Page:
They have suggested it should be done either through virtual or face-to-face school.
Their proposal is in line with comments by private legal practitioner, Professor Kwaku that the candidates did not fail but were denied access to the law school due to lack of space.
The 2021 entrance exam saw 28 percent of the LLB candidates gain entrance to Ghana’s only institution for training lawyers.
The applicants were examined on six subject areas that were: Constitutional Law, Immovable Property, Contract Law, Tort, Criminal Law, and the Ghana Legal System.
Some 790 out of 2,824 candidates passed the exam which was organised in August.
The pass rate is in line with previous records, except for 2020, where 1,045 students out of 2,763 passed.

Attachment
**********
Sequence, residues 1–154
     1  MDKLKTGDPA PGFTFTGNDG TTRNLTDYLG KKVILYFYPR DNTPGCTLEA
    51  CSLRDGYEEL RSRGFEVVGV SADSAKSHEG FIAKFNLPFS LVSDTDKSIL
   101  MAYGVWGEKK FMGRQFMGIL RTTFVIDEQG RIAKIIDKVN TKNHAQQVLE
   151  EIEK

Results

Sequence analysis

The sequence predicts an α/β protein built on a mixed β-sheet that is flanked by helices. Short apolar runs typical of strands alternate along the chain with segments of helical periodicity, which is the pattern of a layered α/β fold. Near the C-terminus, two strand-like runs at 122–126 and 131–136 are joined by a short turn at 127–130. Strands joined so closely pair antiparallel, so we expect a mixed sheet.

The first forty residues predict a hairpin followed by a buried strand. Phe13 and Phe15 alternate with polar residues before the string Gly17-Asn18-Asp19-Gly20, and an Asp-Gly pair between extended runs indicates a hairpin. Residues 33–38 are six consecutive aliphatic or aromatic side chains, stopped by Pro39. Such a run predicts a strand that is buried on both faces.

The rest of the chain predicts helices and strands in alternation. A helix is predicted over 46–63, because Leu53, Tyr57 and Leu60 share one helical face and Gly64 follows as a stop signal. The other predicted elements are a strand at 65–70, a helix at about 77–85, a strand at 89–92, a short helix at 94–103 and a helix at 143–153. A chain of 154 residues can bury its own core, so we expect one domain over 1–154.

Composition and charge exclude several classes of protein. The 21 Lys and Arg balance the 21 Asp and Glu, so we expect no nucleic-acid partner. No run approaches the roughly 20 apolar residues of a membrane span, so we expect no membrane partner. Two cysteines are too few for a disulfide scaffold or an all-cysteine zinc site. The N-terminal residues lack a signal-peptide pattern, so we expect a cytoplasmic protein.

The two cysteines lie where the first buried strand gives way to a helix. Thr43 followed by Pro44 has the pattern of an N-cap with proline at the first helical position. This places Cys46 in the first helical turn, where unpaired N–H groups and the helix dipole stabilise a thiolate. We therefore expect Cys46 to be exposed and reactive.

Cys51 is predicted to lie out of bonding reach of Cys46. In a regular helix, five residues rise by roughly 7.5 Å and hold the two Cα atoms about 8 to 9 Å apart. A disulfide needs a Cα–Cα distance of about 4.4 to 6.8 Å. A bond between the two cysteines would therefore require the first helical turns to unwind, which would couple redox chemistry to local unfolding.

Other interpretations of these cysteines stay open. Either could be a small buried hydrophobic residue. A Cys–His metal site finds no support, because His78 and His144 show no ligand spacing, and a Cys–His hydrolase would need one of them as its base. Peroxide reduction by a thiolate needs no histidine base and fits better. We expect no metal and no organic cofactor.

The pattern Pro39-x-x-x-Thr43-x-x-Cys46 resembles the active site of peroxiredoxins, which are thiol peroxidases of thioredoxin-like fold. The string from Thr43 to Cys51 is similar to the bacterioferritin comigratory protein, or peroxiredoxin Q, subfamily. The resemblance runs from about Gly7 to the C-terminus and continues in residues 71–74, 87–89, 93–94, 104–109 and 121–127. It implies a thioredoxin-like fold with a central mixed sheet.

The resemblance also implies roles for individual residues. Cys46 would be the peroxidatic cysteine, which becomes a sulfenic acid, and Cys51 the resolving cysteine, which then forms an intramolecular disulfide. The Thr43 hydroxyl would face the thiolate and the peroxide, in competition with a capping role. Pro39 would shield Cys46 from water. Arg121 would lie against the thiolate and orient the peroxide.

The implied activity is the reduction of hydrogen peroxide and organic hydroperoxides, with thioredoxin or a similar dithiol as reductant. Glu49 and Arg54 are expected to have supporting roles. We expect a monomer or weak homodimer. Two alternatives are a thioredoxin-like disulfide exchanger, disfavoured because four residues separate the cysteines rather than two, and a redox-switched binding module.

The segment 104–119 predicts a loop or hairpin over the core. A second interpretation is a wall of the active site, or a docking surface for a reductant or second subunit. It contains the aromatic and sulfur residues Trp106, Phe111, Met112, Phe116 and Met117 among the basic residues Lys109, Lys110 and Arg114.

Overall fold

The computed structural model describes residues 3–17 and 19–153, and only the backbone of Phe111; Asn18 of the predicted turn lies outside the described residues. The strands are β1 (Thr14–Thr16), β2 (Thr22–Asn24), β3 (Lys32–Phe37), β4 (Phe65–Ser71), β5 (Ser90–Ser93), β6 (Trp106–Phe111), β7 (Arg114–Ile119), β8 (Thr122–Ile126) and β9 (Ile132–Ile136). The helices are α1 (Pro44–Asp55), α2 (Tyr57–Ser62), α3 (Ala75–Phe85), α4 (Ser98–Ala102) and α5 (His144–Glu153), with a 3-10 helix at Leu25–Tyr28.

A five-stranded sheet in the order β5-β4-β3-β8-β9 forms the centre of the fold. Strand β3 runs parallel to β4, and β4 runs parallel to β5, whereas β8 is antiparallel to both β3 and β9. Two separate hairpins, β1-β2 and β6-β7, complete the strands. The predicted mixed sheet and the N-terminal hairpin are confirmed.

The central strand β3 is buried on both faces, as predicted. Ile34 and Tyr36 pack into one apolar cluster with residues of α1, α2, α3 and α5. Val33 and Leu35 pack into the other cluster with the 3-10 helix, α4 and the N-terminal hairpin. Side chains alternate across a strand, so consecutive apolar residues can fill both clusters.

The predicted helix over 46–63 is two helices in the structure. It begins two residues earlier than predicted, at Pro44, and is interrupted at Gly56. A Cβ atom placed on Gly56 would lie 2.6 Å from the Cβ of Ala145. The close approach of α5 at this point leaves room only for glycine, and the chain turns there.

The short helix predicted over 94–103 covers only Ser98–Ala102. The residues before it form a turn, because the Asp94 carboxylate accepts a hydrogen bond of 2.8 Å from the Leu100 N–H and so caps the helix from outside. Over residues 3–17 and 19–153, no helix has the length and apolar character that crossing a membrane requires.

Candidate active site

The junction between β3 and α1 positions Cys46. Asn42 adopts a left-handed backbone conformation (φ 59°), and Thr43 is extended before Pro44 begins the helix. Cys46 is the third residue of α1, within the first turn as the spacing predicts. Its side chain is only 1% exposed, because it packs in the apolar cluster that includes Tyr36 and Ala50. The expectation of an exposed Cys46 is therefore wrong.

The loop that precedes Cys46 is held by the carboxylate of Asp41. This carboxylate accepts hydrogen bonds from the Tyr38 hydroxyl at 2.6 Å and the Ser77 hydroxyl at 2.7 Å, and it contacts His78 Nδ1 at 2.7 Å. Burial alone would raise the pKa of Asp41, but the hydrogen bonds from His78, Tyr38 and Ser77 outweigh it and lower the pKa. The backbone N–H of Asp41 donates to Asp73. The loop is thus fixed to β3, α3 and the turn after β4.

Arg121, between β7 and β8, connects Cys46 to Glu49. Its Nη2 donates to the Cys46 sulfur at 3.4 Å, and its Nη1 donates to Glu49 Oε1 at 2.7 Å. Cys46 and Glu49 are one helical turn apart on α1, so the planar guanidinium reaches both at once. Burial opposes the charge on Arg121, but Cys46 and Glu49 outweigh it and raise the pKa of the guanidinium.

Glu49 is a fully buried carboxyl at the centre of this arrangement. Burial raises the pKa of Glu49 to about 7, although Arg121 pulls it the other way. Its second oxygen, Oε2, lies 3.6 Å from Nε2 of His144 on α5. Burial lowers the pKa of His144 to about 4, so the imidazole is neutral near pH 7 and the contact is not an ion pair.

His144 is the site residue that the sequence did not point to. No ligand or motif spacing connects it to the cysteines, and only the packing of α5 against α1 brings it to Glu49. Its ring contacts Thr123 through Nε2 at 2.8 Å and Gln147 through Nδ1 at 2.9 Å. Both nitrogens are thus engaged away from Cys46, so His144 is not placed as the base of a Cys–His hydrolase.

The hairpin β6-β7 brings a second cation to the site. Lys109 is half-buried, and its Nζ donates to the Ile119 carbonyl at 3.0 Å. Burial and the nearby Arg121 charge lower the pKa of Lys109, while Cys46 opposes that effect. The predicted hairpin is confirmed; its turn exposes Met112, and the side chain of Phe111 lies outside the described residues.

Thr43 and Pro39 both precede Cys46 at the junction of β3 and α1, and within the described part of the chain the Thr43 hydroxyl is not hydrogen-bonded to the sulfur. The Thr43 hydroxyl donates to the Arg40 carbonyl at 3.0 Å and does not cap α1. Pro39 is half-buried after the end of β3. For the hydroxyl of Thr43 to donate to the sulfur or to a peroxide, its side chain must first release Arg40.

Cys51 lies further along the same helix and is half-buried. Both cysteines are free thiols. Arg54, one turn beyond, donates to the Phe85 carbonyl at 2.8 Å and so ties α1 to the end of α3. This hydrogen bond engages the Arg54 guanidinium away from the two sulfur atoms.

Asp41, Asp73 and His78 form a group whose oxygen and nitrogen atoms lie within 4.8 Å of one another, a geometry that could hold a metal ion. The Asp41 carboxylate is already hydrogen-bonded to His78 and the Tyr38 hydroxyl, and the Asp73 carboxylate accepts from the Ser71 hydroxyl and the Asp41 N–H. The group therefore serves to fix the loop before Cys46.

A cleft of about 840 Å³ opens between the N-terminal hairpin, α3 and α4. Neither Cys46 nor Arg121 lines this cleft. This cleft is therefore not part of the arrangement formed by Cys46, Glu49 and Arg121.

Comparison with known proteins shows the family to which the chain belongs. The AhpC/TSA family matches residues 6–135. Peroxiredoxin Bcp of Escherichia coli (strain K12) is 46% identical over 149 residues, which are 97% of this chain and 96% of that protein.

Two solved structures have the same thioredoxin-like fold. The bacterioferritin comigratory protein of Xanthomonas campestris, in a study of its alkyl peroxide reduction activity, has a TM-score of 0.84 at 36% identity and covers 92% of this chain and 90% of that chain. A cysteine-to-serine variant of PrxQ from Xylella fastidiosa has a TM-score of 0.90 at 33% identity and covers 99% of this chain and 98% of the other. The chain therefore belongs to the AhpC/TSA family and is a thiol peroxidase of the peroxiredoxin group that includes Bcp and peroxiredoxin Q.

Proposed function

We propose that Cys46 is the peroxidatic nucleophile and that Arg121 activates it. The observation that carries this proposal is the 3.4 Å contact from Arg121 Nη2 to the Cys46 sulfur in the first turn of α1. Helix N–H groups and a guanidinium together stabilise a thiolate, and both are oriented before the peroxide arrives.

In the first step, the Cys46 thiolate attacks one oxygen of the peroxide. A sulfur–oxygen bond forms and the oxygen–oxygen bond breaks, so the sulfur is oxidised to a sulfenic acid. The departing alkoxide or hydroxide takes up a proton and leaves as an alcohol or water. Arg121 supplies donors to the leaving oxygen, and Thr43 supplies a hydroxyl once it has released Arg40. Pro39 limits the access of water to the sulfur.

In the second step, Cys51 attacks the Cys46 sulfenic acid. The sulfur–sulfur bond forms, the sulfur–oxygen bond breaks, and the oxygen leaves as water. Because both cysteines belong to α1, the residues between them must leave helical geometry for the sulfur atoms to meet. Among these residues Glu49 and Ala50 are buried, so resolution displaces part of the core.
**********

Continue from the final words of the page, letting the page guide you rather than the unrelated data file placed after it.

The re-occurring incident has sparked rage among a section of applicants amid claims most of the people denied admissions clocked the 50 pass mark.
Africa Watch, in a statement, opined the action contradicts the government’s agenda of doubling tertiary enrolment by 2030 and creating equal career opportunities.
They argued the action by the Council to deny the students access to legal education is unfair and cannot be justified, hence their proposal.
Meanwhile, the National Union of Ghana Students and Member of Parliament for Madina, Francis Xavier Sosu, have petitioned the Speaker of Parliament to order a probe of the mass failure and ensure the applicants who passed are admitted.
Read the full statement below: